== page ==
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Tiresias: The Ancient Mediterranean Religions Source Database



8249
New Testament, Ephesians, 4.23


ἀνανεοῦσθαι δὲ τῷ πνεύματι τοῦ νοὸς ὑμῶνand that you be renewed in the spirit of your mind


Intertexts (texts cited often on the same page as the searched text):

40 results
1. Hebrew Bible, Deuteronomy, 32.4 (9th cent. BCE - 3rd cent. BCE)

32.4. כִּי־אֶשָּׂא אֶל־שָׁמַיִם יָדִי וְאָמַרְתִּי חַי אָנֹכִי לְעֹלָם׃ 32.4. הַצּוּר תָּמִים פָּעֳלוֹ כִּי כָל־דְּרָכָיו מִשְׁפָּט אֵל אֱמוּנָה וְאֵין עָוֶל צַדִּיק וְיָשָׁר הוּא׃ 32.4. The Rock, His work is perfect; For all His ways are justice; A God of faithfulness and without iniquity, Just and right is He. ."
2. Hebrew Bible, Exodus, 3.14 (9th cent. BCE - 3rd cent. BCE)

3.14. וַיֹּאמֶר אֱלֹהִים אֶל־מֹשֶׁה אֶהְיֶה אֲשֶׁר אֶהְיֶה וַיֹּאמֶר כֹּה תֹאמַר לִבְנֵי יִשְׂרָאֵל אֶהְיֶה שְׁלָחַנִי אֲלֵיכֶם׃ 3.14. And God said unto Moses: ‘I AM THAT I AM’; and He said: ‘Thus shalt thou say unto the children of Israel: I AM hath sent me unto you.’"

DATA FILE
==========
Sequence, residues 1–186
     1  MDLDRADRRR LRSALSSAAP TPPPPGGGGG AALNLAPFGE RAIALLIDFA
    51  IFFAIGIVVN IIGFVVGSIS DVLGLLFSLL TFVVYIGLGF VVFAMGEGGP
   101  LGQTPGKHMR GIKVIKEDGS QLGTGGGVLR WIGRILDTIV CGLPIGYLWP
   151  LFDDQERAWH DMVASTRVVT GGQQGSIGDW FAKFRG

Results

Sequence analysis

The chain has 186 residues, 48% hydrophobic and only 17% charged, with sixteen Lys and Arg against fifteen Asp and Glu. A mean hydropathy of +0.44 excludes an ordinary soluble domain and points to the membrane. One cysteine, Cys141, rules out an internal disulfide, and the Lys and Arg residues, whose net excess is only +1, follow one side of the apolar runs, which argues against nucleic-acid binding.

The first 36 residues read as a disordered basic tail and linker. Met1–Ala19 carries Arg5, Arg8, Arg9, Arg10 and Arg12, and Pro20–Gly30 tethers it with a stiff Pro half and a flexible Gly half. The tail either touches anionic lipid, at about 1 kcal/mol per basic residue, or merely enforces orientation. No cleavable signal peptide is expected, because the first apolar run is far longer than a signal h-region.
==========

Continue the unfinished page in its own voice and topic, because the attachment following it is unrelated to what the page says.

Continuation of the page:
3. Hebrew Bible, Genesis, 1.26 (9th cent. BCE - 3rd cent. BCE)

1.26. וַיֹּאמֶר אֱלֹהִים נַעֲשֶׂה אָדָם בְּצַלְמֵנוּ כִּדְמוּתֵנוּ וְיִרְדּוּ בִדְגַת הַיָּם וּבְעוֹף הַשָּׁמַיִם וּבַבְּהֵמָה וּבְכָל־הָאָרֶץ וּבְכָל־הָרֶמֶשׂ הָרֹמֵשׂ עַל־הָאָרֶץ׃ 1.26. And God said: ‘Let us make man in our image, after our likeness; and let them have dominion over the fish of the sea, and over the fowl of the air, and over the cattle, and over all the earth, and over every creeping thing that creepeth upon the earth.’"
4. Hebrew Bible, Malachi, 3.20 (9th cent. BCE - 3rd cent. BCE)

3.20. But unto you that fear My name shall the sun of righteousness arise with healing in its wings; and ye shall go forth, and gambol as calves of the stall."
5. Hebrew Bible, Proverbs, 23.31 (9th cent. BCE - 3rd cent. BCE)

23.31. אַל־תֵּרֶא יַיִן כִּי יִתְאַדָּם כִּי־יִתֵּן בכיס [בַּכּוֹס] עֵינוֹ יִתְהַלֵּךְ בְּמֵישָׁרִים׃ 23.31. Look not thou upon the wine when it is red, when it giveth its colour in the cup, When it glideth down smoothly;"
6. Hebrew Bible, Psalms, 96.1, 98.1, 119.105 (9th cent. BCE - 3rd cent. BCE)

96.1. אִמְרוּ בַגּוֹיִם יְהוָה מָלָךְ אַף־תִּכּוֹן תֵּבֵל בַּל־תִּמּוֹט יָדִין עַמִּים בְּמֵישָׁרִים׃ 96.1. שִׁירוּ לַיהוָה שִׁיר חָדָשׁ שִׁירוּ לַיהוָה כָּל־הָאָרֶץ׃ 98.1. מִזְמוֹר שִׁירוּ לַיהוָה שִׁיר חָדָשׁ כִּי־נִפְלָאוֹת עָשָׂה הוֹשִׁיעָה־לּוֹ יְמִינוֹ וּזְרוֹעַ קָדְשׁוֹ׃ 119.105. נֵר־לְרַגְלִי דְבָרֶךָ וְאוֹר לִנְתִיבָתִי׃ 96.1. O sing unto the LORD a new song; Sing unto the LORD, all the earth." 98.1. A Psalm. O sing unto the LORD a new song; For He hath done marvellous things; His right hand, and His holy arm, hath wrought salvation for Him." 119.105. NUN. Thy word is a lamp unto my feet, And a light unto my path."